LONDON (Thomson Reuters Foundation) - Ethiopian silver medalist Feyisa Lilesa, who did not return home after staging a protest against his government at the Rio Olympics, said on Thursday he feared for his life if he went back and vowed to keep up his fight for land rights.
Lilesa attracted global attention as he crossed the finish line in the marathon on Sunday and raised his arms above his head in an “X”, a sign of protest against the Ethiopian government’s treatment of his people, the ethnic Oromo.
Ethiopia’s Oromiya region, home to more than 25 million Oromos, has been riven by violent unrest over land rights and allegations of human rights violations since last November.
Conflict over Oromo land began more than 100 years ago and the marginalization of his people is equally long standing, Lilesa said.
He fears his life would be at risk if he returned, despite public assurances by the government that he would not be punished for his protest.
“I heard that and found it funny,” Lilesa told the Thomson Reuters Foundation by Skype from Rio, where he has been staying since Monday when his team mates returned to Ethiopia
“They kill and they don’t tell the world they kill, they jail and they don’t tell anybody, so how can I believe that?” he said.
Government officials did not reply to the Thomson Reuters Foundation’s request for comment.
Lilesa said he had not been contacted directly by any government official but believed that once he made his protest gesture, he could not return home.
“[I knew] I would be jailed or killed [and] if not, I would [never be allowed] out of that country and allowed to participate in any international competition or race at all. I am quite sure those things would happen to me.”
Lilesa said he had been given temporary leave to stay by the Brazilian authorities but had not decided yet where he was going to seek asylum.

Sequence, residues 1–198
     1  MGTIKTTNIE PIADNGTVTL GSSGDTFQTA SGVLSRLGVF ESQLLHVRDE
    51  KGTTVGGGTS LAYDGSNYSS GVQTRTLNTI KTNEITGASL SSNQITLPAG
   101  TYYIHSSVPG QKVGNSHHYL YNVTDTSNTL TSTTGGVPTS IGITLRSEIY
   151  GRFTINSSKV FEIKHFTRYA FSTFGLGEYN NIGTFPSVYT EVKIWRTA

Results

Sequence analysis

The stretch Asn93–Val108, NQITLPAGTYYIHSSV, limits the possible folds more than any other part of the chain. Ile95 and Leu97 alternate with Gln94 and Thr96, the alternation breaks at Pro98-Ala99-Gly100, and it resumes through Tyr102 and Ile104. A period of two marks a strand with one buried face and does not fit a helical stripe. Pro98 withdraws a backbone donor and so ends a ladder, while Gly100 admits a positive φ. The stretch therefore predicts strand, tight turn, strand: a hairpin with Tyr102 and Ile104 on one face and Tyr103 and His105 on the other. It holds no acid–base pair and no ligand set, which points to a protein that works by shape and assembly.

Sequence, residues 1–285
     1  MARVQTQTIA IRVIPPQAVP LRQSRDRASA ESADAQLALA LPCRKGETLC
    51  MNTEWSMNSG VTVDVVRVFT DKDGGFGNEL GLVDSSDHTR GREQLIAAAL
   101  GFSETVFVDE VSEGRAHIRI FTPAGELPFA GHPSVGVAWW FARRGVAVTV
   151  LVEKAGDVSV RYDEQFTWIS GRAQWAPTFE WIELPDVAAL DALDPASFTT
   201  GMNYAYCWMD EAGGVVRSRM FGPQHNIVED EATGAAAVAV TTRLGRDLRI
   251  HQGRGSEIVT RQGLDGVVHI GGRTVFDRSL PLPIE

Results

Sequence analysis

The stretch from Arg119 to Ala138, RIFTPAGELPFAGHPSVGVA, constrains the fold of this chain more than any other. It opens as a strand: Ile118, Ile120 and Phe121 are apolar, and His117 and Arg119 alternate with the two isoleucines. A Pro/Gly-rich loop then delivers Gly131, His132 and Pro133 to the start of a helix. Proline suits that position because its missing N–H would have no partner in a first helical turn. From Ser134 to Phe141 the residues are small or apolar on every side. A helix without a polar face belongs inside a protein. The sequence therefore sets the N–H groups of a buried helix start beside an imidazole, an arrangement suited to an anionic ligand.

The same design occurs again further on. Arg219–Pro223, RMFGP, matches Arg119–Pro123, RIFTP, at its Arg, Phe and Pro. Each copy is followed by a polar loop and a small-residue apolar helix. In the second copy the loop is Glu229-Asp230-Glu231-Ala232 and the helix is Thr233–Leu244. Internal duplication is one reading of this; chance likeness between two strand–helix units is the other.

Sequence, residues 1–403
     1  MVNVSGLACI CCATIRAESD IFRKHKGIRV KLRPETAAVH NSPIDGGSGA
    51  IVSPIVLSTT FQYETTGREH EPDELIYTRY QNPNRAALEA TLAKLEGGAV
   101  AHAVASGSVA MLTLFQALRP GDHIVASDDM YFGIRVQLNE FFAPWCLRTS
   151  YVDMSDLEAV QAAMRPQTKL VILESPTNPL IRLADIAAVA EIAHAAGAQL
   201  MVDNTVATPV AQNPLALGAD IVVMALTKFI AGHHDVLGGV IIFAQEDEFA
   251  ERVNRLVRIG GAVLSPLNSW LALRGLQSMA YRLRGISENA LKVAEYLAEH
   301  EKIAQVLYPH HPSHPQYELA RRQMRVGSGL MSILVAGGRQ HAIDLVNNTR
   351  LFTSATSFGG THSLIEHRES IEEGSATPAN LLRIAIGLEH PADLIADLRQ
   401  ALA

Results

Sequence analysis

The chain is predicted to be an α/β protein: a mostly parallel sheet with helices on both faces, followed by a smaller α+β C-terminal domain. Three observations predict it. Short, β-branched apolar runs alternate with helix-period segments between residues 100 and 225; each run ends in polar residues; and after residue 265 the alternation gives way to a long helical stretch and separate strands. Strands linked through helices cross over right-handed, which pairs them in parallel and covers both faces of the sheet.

The 26-year-old champion runner said he decided to make the protest sign when he was chosen earlier this year to represent Ethiopia at the Olympics.
Knowing the international media would be in Rio, he said he realized he could use the moment to explain the plight of his people to a global audience.
“I was going to represent all the people ... I knew a lot of people were watching the TV, I wanted to show solidarity, that I was thinking of them, that my heart was with them,” he said.
Demonstrations against a government plan to allocate farmland in Oromiya to the capital Addis Ababa for development, which would potentially displace farmers, have been violently suppressed by security forces, according to activists and witnesses.
“When the city expands the [authorities] would take away their land and build hotels or buildings, the owners of the land would then become guards [for] someone else’s property ... that’s what the Oromo people have had to deal with again and again,” Lilesa said.
Unrest spread to other parts of the country and human rights organizations estimate as many as 500 demonstrators have been killed over the past nine months.
The government disputes the death toll and says the protests are being staged illegally, stoked by rebel groups and oveseas-based dissidents.
Lilesa said the situation had impacted on his training as he was constantly worried about members of his extended family who were jailed in the wake of the protests.
“I have been suffering a lot of things. My family and relatives have been jailed ... I can’t count the number who were in prison,” he said, calling on the Ethiopian government to adhere to democratic processes, respect land rights and release all political prisoners.
Reporting by Sally Hayden, Editing by Paola Totaro and Astrid Zweynert; Please credit the Thomson Reuters Foundation, the charitable arm of Thomson Reuters, that covers humanitarian news, women's rights, trafficking, property rights and climate change. Visit news.trust.org